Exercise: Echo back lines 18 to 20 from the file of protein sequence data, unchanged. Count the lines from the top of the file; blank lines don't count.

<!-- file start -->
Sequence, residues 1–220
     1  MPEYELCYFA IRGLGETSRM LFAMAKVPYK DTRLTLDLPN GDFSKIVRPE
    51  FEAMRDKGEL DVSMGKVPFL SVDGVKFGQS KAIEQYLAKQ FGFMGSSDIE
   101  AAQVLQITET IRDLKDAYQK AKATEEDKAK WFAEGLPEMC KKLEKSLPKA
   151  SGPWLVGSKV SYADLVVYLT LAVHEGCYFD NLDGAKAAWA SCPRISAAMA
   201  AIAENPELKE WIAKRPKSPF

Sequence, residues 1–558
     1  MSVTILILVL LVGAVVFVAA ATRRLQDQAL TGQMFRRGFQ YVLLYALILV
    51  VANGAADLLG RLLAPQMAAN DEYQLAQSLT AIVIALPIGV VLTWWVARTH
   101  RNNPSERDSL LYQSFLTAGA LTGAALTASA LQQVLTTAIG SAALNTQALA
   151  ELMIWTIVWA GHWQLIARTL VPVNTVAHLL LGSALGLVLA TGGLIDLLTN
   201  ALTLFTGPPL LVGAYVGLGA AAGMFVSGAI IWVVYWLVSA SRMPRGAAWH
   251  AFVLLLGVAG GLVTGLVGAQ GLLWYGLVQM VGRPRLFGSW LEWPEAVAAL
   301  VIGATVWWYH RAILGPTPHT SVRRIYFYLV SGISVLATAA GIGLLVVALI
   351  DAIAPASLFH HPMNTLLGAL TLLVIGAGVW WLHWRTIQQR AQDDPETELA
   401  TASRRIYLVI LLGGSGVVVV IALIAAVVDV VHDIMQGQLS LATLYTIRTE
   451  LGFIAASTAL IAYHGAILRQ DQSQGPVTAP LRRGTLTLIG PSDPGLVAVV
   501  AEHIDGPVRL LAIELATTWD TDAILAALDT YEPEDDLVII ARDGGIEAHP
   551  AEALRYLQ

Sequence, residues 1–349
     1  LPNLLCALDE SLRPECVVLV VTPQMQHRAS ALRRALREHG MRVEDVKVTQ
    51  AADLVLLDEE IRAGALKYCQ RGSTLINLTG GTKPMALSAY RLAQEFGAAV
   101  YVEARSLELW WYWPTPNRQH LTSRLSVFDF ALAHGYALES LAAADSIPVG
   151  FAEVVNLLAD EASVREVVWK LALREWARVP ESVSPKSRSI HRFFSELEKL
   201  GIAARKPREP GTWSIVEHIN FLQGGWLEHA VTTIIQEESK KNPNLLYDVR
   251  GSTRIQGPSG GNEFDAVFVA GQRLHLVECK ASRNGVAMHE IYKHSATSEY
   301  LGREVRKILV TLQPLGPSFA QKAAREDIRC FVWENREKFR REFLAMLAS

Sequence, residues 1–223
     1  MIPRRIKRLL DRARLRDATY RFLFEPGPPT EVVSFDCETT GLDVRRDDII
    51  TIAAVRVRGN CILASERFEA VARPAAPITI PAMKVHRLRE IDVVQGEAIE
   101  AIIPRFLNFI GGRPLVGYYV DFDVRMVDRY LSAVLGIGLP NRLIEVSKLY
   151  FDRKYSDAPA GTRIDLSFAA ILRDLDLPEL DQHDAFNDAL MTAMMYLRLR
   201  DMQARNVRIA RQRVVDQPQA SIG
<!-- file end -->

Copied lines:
   501  AEHIDGPVRL LAIELATTWD TDAILAALDT YEPEDDLVII ARDGGIEAHP
   551  AEALRYLQ

Sequence, residues 1–349